The number of potatoes that turned green through being exposed to light, was more or less the same but, in a fifth of cases, was worse with straw. However, as Damien Meyrand points out, “As with earthing up potatoes, the care taken in applying the mulch reduces the occurrence of greening.”
The ease of this method won it the support of the large majority of participants. The reduced need to water was another winner. Some suggested that mulching improved their soil, although drawing such a conclusion would probably need more than just one year of observation.
Two-thirds of the gardeners who took part were motivated to continue with the mulching, feeling that the benefits outweighed the disadvantages.
A few suggestions to improve the method:
- Start with a well-loosened soil (particularly important with heavier soils).
- Plant potatoes 7-8cm (3ins) deep in the ground, i.e., don’t just lay them on the surface. With a better implantation, improved plant development can be expected.
- Mulch at planting, but not too much (as excessive thickness of mulch at this time was thought to be detrimental) then add more mulch during the growing season. Bernard Patry, who inspired this survey, explains: “After the euphoria of my first experiment in 2008, the following year's results were less interesting. My problem came from mulching too thickly at planting, using straw, leaves and grass cuttings. Some plants failed completely, others had trouble getting going and this handicap continued throughout the season in a lower growth. Next year I will just use straw for planting and then add leaves and grass cuttings while the potato is growing.”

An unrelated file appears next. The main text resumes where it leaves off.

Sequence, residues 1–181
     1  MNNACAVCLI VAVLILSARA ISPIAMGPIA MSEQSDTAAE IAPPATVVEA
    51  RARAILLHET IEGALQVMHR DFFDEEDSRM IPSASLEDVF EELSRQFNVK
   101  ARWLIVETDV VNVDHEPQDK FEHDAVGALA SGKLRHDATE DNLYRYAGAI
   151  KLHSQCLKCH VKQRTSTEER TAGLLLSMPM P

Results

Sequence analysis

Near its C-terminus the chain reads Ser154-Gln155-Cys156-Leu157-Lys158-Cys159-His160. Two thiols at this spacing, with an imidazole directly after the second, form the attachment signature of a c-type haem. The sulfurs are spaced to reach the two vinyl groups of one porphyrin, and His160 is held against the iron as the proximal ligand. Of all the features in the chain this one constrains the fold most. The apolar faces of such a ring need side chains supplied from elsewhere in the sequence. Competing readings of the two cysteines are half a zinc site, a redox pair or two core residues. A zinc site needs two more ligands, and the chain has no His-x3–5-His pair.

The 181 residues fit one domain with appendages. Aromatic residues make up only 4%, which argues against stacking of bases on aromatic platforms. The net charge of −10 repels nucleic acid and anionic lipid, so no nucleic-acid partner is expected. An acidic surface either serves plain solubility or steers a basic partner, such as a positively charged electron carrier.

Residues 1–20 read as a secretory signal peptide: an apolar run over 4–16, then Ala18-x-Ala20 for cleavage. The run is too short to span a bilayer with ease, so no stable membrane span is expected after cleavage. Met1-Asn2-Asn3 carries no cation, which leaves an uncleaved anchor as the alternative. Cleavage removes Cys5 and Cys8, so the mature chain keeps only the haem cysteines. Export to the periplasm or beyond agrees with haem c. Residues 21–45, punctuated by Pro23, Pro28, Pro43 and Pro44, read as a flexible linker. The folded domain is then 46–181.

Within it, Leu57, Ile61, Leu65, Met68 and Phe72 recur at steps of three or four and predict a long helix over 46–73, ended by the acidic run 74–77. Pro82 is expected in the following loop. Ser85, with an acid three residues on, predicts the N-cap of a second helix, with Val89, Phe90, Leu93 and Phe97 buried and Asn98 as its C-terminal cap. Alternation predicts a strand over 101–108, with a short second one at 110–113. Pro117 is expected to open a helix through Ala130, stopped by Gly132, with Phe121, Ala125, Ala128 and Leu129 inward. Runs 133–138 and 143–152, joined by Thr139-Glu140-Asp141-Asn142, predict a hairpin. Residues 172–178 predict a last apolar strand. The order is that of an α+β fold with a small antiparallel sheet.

- Yves Durand suggests working in squares (eg 2m x 5m) rather than rows: easier to mulch, less waste.
- The resource issue of straw was thought to be problematic (following a very dry summer in many regions of France this year, straw production has been greatly reduced).
More generally, consider the choice of mulch, and preferably use the gardens natural resources (such as leaves, grass clippings, and the output from your garden shredder). Perhaps even better suited to the purpose, these materials offer a more complete covering than straw, and as they decompose over the season they nourish the soil. Francois Bonnin underlined the benefits of adding comfrey leaves, which are rich in potassium.
Rodolph Grosléziat compared the use of a mulch of grass (30cm/12ins) and a thick mulch of compost (20cm/8ins) (see photos 4/5 below). The potatoes mulched with compost started faster, with vigorous plants producing a significant crop, and the compost also benefits any succeeding crops which follow over the next four or five years - without the need for further fertilisation. A great way to think of your garden rotations.
Originally published in the French organic gardening magazine, Les 4 Saisons du Jardin Bio, adapted and translated by Stuart Anderson.
Les 4 Saisons du Jardin Bio (The 4 Seasons of the Organic Garden) is published by Terre Vivante, pioneers in organic gardening and practical ecology. The magazine, founded in 1980, now has 30,000 subscribers.
Book: No Dig Organic Home and Gardener by Charles Dowding and Stephanie Hafferty